The NHF and the Charted Institute of Housing (CIH) are calling on the Government to back building by housing associations and local authorities to shore up the nation’s economy.
Early findings from new CEBR (Centre for Economics and Business Research) analysis suggest a construction slowdown may be on the horizon with shares in construction companies, exchange rates and financial markets all hit by post-referendum uncertainty.
The analysis also shows that a slow in housebuilding similar to that of the 2008 recession would wipe out more than a third of GDP growth (£142.5 billion) and result in the loss of nearly 120,000 construction jobs by 2026.
Housing associations, which stepped in during the last recession, are calling for flexibility in existing funding to enable them to build 300,000 homes. Less exposure to market volatility meant that between 2007 and 2009 the non-profit housing association sector upped the number of homes it built by 22%, while private development dropped off 37%.
To do this, the sector wants Government to relax restrictions on the tenure of homes – whether they are built to rent or buy – to allow housing associations to respond to the market. The sector has identified £7 billion of already planned funding, which could be used more flexibly; £4.7 billion for shared ownership and supported housing and £2.3 billion for the remediation of brownfield land for starter homes. For every further billion pounds that the Government invests flexibly, the sector could build 33,000 homes.
Government should also offer councils a refreshed ‘deal’, the sector says, including flexibility in the caps that limit local authority borrowing for housing, in return for specific commitments on new supply, including better use of assets and of local authority-owned land.
It has already identified £300 million of extra borrowing for local authority housing, but this needs a better, more flexible, approach if local authorities are to build new homes, at scale.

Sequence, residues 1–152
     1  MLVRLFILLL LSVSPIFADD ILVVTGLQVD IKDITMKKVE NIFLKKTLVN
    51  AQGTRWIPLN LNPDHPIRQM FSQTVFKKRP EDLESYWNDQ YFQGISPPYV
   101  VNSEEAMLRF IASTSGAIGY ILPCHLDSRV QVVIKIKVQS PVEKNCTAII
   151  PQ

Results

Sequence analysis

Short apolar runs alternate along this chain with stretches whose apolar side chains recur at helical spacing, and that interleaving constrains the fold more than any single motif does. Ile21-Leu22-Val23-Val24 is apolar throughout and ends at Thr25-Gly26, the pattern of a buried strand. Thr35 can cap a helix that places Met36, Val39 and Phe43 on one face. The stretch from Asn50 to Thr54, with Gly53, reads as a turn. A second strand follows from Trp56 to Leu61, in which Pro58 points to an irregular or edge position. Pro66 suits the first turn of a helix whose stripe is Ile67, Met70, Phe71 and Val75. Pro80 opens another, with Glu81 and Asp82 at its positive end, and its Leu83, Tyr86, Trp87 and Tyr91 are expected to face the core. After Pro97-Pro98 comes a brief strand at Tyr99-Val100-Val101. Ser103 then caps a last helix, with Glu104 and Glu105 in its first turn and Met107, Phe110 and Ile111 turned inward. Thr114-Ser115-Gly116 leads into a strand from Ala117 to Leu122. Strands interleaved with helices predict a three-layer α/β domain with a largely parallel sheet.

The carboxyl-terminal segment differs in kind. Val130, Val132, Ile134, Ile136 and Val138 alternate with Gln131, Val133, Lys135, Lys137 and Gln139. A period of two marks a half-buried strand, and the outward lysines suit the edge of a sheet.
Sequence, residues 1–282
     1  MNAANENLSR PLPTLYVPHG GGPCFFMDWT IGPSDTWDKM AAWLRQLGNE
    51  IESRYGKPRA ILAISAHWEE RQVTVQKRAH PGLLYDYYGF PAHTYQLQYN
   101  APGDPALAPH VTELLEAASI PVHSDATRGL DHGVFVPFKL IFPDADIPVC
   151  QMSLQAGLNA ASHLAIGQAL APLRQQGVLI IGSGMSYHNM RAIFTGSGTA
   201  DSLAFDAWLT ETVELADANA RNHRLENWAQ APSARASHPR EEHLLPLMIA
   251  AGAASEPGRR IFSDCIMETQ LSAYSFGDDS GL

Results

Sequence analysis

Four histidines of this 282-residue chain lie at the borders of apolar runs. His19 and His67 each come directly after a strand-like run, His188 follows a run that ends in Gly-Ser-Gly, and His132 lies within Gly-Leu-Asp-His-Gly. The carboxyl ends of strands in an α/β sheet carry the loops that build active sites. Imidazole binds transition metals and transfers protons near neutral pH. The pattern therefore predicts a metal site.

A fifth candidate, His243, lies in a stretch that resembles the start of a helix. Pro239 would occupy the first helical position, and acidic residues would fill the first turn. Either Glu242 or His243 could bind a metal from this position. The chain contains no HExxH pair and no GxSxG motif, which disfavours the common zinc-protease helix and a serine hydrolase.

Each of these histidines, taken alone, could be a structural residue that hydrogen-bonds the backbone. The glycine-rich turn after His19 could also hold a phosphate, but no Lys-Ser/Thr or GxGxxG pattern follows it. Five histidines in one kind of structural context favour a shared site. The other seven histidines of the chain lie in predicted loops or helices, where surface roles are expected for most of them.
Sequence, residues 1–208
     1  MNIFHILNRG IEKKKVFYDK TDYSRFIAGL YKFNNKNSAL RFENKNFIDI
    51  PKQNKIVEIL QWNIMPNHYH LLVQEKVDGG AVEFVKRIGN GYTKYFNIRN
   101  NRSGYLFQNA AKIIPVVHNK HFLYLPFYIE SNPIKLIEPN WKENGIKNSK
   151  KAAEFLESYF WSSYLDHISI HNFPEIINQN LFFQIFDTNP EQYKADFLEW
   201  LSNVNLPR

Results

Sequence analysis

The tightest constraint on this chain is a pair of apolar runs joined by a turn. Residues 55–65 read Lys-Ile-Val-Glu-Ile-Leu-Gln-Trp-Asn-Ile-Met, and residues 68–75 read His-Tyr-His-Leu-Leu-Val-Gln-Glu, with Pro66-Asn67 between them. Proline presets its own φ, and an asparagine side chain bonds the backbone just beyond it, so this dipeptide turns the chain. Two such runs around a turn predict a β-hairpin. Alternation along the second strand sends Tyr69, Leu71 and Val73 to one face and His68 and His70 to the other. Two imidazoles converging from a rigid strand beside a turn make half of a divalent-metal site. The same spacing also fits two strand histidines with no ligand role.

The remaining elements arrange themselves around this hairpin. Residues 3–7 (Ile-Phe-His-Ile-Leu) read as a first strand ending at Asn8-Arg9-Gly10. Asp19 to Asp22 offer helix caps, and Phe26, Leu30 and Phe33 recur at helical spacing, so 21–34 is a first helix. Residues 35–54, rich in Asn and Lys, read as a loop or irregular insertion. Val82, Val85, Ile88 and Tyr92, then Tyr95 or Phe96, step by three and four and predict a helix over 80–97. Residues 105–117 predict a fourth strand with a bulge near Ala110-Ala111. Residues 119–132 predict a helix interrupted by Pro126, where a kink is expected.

David Orr, Chief Executive of the National Housing Federation said, “The warning signs are flashing amber – housebuilding may be set for a slowdown – but housing associations have a track record of building through tough times. Demand for good quality rented homes remains high.
“Today, the sector puts forward a plan of action for the Prime Minister to keep the nation building and tackle the housing crisis. It is a plan that comes at no extra cost to the taxpayer and one that will improve the life chances of hundreds of thousands of working people in this country. Uncertain times call for pragmatism and flexibility.”
Terrie Alafat, Chief Executive at the Chartered Institute of Housing said, “There are already signs that the housing market is beginning to weaken. It is critical government takes action now to ensure the supply of new housing we need to address our national housing crisis does not falter.
“Local authorities and housing associations are not dependent on shareholder sentiment and are able to keep housing supply going when the private sector stalls without requiring extra government spending.
“Secure, affordable new homes transform lives, support local and national economic growth and create and maintain jobs, training and education.”